Along the Forgotten Coast

Before I forget, I wanted to share a few words and photos of what they call it the Forgotten Coast – the Gulf coast on the eastern part of Florida’s Panhandle. It’s the section of coastline that wraps around what’s known there as the Big Bend, though I think of it as Florida’s armpit, with no negative implications intended.

Much of the Forgotten Coast feels like Old Florida – pre-AC, pre-Disney, pre-wealthy tourists. I saw no gated communities, no high-rise condos with water views, and very few national chains.

There’s tourism here, especially in the summer, when families come from all over the South in search of ocean breezes. But there are other industries as well. In Tate’s Hell State Forest (great name, and there’s a story behind it) and Apalachicola National Forest, public/private partnerships have carved up and drained what once were swamps and grasslands so they can grow thousands of acres of scratch pine forest. The pines appear to be harvested before they can grow thick enough to make a 2-by-4. It’s mostly chipped up for composite products, a local explained.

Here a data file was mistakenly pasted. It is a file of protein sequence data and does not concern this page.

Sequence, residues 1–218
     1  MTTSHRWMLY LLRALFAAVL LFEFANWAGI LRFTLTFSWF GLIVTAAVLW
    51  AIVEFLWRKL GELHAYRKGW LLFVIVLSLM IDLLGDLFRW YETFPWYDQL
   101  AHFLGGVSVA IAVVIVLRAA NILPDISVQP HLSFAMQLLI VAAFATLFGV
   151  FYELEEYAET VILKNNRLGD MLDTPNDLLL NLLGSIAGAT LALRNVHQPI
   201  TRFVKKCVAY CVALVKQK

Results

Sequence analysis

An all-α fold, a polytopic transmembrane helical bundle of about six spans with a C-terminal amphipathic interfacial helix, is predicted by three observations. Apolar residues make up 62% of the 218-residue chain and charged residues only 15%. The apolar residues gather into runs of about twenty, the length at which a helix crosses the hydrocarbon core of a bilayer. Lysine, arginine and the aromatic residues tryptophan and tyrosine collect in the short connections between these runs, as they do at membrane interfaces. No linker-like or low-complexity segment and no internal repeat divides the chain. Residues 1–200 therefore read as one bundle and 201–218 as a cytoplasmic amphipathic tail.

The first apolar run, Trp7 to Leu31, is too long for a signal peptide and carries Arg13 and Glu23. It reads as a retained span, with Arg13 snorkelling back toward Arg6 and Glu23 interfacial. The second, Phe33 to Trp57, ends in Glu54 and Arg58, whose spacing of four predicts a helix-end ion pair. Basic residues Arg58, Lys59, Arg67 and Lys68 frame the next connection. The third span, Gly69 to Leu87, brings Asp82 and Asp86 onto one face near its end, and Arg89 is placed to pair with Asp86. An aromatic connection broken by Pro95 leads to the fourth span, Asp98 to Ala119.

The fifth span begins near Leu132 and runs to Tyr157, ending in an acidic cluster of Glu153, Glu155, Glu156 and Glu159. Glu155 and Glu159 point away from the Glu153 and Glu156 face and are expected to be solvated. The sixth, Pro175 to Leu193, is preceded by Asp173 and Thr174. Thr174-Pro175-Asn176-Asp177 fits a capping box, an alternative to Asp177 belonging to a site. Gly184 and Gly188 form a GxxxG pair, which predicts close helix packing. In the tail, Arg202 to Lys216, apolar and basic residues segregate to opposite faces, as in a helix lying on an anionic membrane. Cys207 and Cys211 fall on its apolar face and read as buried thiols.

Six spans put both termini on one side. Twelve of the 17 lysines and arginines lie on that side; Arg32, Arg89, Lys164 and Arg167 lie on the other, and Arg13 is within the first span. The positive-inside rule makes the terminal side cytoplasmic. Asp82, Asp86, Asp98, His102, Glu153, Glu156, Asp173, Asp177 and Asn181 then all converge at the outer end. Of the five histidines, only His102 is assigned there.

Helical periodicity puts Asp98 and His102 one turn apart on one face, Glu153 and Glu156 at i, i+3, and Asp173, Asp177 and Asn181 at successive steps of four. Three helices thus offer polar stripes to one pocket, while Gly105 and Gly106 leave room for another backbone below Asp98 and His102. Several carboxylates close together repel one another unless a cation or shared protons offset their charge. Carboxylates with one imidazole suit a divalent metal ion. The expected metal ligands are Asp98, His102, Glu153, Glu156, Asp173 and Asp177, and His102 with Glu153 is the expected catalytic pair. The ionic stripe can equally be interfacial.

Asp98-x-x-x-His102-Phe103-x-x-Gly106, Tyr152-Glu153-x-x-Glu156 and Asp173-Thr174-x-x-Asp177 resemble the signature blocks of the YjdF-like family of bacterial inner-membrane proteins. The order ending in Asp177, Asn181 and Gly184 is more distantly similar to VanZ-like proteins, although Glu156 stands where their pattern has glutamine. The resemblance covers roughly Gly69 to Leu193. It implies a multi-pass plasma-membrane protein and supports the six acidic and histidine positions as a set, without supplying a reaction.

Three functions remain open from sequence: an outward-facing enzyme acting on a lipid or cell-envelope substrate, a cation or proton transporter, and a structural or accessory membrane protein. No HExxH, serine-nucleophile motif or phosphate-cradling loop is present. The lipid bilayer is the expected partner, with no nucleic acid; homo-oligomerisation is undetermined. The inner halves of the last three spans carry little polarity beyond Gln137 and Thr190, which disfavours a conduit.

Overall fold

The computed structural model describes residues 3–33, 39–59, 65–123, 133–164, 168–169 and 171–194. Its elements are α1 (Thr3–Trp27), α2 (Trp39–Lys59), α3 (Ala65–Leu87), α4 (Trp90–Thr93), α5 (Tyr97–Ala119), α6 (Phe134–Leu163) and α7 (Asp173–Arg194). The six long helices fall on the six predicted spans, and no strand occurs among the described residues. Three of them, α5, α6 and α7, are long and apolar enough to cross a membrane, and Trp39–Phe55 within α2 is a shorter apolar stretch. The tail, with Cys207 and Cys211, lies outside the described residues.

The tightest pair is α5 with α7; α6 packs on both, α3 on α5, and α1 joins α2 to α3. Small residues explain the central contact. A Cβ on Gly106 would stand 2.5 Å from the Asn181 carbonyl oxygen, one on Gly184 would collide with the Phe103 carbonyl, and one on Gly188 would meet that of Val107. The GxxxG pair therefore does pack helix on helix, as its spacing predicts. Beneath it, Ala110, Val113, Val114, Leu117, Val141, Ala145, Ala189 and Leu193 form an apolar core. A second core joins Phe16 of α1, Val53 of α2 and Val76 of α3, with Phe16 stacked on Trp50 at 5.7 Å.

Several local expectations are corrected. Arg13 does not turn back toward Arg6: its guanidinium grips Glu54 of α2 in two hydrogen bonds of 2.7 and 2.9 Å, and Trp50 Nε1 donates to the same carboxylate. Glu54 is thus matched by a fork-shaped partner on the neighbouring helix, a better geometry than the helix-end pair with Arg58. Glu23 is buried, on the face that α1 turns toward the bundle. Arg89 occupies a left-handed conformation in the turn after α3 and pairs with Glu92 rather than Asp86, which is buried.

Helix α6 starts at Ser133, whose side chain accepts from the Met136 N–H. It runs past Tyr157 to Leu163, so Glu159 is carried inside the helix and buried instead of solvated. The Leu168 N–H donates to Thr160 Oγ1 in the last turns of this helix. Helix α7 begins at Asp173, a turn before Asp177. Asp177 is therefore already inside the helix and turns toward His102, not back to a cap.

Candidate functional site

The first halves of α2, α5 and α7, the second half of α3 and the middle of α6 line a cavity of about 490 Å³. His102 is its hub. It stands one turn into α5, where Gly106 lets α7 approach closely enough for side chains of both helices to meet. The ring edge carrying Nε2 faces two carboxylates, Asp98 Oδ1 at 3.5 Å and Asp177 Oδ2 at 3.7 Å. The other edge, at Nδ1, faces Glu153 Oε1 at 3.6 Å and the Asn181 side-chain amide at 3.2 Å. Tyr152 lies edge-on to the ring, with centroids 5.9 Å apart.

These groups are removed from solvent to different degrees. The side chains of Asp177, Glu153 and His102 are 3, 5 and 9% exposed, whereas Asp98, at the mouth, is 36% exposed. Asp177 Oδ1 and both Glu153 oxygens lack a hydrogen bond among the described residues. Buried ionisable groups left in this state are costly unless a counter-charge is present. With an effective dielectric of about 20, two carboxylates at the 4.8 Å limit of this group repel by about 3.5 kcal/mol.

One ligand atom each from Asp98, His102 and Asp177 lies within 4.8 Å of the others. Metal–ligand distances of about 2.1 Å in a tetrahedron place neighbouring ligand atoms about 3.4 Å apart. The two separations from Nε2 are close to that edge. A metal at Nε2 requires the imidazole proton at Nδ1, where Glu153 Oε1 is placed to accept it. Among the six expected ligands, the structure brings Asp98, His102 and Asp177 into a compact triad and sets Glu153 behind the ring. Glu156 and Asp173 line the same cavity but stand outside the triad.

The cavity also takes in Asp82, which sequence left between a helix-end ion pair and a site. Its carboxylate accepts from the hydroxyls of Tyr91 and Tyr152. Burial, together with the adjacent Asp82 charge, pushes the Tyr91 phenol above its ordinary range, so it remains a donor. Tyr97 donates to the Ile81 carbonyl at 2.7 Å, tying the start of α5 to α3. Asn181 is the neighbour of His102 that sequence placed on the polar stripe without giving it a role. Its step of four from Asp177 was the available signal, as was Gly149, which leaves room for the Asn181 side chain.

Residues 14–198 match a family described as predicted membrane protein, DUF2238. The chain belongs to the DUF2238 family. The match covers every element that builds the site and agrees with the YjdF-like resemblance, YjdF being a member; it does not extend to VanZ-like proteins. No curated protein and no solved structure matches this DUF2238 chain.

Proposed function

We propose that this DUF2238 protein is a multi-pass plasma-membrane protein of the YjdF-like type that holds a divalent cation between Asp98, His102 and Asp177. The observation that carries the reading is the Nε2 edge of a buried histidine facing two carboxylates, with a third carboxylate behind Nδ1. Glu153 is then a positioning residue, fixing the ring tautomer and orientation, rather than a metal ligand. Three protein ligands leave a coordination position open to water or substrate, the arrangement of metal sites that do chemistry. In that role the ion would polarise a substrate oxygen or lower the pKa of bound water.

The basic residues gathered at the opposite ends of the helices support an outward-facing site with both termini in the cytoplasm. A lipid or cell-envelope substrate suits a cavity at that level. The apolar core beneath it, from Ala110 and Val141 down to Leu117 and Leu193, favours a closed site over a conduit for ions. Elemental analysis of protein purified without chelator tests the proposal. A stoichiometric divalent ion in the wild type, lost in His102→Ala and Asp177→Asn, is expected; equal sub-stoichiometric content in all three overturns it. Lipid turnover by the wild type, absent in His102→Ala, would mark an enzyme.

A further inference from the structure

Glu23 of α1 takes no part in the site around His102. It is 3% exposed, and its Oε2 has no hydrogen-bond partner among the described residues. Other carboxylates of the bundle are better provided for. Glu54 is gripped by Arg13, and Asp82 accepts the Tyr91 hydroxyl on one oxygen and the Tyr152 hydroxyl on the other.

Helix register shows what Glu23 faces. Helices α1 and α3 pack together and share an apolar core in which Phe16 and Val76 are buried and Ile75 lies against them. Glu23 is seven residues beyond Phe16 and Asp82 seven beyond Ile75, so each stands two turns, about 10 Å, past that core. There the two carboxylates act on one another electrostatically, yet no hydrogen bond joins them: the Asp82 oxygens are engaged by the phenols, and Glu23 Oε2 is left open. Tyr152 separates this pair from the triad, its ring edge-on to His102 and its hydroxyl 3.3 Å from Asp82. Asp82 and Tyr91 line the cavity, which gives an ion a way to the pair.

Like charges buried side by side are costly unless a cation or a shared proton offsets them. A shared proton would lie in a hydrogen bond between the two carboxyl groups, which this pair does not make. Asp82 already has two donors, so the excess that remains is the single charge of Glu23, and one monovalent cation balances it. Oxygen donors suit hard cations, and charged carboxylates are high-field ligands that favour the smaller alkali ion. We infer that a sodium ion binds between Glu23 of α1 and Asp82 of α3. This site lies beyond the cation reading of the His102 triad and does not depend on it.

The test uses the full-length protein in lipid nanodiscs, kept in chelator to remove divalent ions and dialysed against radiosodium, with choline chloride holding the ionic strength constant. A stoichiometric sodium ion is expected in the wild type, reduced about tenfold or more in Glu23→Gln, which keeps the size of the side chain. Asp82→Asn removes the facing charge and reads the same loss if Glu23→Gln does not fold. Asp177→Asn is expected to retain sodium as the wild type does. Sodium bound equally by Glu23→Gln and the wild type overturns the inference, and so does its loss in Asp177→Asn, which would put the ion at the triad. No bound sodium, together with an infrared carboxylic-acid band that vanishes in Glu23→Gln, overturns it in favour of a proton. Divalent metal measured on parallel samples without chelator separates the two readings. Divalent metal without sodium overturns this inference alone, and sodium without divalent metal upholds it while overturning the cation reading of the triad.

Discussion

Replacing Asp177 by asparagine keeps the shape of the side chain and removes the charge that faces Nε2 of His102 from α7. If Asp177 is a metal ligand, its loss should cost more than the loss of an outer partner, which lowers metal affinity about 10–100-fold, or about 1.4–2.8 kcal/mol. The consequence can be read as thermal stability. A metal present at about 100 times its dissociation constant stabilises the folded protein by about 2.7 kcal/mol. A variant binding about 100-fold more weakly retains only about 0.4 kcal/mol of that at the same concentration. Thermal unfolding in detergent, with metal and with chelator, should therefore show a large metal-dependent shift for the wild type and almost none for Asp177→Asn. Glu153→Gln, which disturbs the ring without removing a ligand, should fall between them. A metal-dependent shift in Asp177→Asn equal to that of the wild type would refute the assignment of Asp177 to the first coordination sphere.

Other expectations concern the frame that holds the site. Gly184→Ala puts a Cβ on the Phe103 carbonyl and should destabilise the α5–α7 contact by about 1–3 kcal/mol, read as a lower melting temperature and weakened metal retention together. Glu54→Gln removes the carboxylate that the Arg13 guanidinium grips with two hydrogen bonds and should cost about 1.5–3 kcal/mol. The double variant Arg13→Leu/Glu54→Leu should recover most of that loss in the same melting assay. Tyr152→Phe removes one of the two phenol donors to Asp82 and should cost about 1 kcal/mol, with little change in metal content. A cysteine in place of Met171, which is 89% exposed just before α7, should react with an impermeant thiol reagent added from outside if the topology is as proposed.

In Apalachicola and Eastpoint, it’s all about oysters. Ten percent of the nation’s commercial oysters come from Apalachicola Bay. Oystermen go out daily in small boats, with tongs with 14-foot long handles. They use the tongs to dig into the sandy bottom of the bay and scoop oysters into the boat, which are then measured, with the ones under a certain size returned immediately to the sea. It reminds me of lobster-fishing in Maine, in that it is labor-intensive work no one has yet figured out a way to industrialize.

The white sand beaches are gorgeous on the Forgotten Coast. On St. George Island, the homes are fancier, prices are higher, and a beach-tourist vibe predominates. But in Eastpoint and Carrabelle, a lot of people are barely scraping by. If you want a place with miles of deserted beaches, tons of great seafood, but with few pretentions, don’t forget the Forgotten Coast.